The Recyclist: It’s not that much of a grind
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Over the last two weeks, I’ve repeatedly found myself standing in front of the garbage with something -- the Styrofoam tray that held a flotilla of chicken breasts, the diet Pepsi cup from my husband’s drive-thru lunch, a crumple of tin foil used to reheat a polenta-and-sausage appetizer -- and wondering: Can this be recycled? Or is it trash? And how can I ‘precycle’ -- a nifty little concept I just learned about -- for next time?
And then I just want to ignore it all and go watch ‘Damages.’ (I’m not proud of it, but it’s the truth.)
Instead, I rinse all these objects off, put them in the recycling bin, make a mental note to call the city to determine their recyclable-ness, and offer up a silent apology to the city employee stuck sorting through my recycling.
Here’s one thing I know I can do. Swap out paper coffee filters for a reusable coffee filter:
The pros: No more coffee filters going into the garbage. And if you shop carefully -- see below -- you will ultimately save money on paper filters.
The cons: If you drink coffee at the pace I do, you need two or three so that you always have a clean one at the ready. And the reusable filters are made of plastic, although the ones I purchased reportedly are fully recyclable, and one of them claims to offer a lifetime replacement guarantee. (For kicks, I am keeping the receipt.)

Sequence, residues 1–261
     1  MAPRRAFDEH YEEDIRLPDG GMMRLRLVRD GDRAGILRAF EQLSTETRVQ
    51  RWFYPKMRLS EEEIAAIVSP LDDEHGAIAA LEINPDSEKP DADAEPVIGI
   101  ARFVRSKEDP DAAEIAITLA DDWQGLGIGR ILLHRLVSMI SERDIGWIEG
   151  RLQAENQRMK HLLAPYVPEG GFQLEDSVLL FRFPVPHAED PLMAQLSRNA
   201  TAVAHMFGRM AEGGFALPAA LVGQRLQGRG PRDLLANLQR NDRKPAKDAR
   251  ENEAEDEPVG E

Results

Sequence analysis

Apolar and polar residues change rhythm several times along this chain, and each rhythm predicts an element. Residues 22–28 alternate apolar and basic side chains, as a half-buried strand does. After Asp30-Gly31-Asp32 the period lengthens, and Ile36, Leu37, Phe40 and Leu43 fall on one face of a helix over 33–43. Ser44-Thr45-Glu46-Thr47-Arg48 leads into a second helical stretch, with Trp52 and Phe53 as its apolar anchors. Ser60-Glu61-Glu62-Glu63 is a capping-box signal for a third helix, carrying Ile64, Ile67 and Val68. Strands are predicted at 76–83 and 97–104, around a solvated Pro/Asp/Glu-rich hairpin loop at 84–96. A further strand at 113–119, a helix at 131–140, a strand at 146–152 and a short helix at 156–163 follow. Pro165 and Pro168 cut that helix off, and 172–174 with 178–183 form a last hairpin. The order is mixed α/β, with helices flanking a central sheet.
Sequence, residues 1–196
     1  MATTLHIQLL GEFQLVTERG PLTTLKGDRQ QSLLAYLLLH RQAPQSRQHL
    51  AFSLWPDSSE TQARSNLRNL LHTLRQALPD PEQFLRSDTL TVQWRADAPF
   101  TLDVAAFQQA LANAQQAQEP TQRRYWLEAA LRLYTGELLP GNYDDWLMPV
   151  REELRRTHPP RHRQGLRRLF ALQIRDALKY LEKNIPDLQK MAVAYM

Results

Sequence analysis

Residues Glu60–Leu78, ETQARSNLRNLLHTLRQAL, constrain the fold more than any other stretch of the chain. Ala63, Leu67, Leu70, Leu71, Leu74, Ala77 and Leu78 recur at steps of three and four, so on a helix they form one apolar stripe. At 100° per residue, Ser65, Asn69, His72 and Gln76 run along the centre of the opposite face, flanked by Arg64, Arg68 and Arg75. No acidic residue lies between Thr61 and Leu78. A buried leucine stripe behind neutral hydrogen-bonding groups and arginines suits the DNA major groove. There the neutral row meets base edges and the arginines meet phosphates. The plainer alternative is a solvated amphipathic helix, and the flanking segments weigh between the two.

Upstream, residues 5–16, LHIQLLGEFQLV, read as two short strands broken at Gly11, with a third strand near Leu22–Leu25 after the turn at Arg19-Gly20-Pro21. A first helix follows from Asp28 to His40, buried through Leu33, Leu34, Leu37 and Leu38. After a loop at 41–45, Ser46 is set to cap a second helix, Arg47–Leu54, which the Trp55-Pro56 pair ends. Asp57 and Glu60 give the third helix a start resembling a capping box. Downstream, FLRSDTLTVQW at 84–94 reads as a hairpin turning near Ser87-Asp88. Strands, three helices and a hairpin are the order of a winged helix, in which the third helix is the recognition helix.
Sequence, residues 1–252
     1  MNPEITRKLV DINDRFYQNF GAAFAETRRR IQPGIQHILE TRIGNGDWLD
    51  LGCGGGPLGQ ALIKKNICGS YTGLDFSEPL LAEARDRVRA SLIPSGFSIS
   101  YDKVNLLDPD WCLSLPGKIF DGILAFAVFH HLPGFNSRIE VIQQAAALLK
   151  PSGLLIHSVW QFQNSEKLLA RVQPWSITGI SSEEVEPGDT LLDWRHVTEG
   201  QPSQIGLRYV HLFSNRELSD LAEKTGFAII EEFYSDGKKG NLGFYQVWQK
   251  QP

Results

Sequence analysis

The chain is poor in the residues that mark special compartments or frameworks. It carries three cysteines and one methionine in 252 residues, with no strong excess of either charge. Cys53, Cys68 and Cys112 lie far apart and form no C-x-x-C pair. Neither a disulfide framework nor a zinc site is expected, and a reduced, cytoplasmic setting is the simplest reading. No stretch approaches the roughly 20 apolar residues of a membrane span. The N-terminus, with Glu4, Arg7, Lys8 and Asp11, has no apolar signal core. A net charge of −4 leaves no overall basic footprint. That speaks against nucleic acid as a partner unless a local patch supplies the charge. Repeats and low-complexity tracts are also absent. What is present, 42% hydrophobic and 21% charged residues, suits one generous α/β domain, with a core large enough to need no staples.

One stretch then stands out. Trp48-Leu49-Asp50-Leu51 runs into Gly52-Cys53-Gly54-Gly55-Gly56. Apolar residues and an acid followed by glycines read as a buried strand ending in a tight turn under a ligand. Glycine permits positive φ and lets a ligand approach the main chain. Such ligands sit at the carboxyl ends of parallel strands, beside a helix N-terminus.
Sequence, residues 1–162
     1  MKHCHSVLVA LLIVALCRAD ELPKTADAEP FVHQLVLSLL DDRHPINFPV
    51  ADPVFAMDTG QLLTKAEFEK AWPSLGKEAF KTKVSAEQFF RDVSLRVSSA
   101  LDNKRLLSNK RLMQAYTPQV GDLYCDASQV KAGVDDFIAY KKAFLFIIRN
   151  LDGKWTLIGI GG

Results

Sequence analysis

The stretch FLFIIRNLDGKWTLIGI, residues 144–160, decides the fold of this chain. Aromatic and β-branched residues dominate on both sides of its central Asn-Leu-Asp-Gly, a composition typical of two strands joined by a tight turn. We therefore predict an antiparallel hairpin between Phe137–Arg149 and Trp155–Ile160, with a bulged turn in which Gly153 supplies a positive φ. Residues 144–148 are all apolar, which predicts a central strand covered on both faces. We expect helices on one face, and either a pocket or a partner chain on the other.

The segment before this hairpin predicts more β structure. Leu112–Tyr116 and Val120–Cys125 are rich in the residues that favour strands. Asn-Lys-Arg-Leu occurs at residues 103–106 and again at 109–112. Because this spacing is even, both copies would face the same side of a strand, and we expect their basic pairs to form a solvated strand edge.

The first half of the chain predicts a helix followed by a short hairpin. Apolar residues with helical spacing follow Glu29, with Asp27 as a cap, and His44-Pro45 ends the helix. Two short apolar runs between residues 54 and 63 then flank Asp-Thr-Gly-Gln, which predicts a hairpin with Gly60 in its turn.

The caveats: Decide whether you prefer a cone-shaped filter, or a basket one, and then stick to it when you buy your next coffeemaker, so you won’t need to spring for new perma-filters all over again. And shop around. The prices on these baskets can vary wildly, something I found out the hard way: Amazon.com sold three basket filters for the same price I paid for one. Another option would be a washable and fully recyclable hemp coffee filter.
I’m sure that it would be much, much greener to go the route of the glass or steel French coffee press, with no filters, no plastic, no coffeemaker to eventually dispose of. But I’ve tried them. And maybe I’m doing it wrong, but I just don’t like the mess, or the stray coffee grounds clinging to my cup. (Hey, a woman has to know her limitations.)
Is there another route to greener coffee consumption that I should know about? I want to hear it.
-- Rene Lynch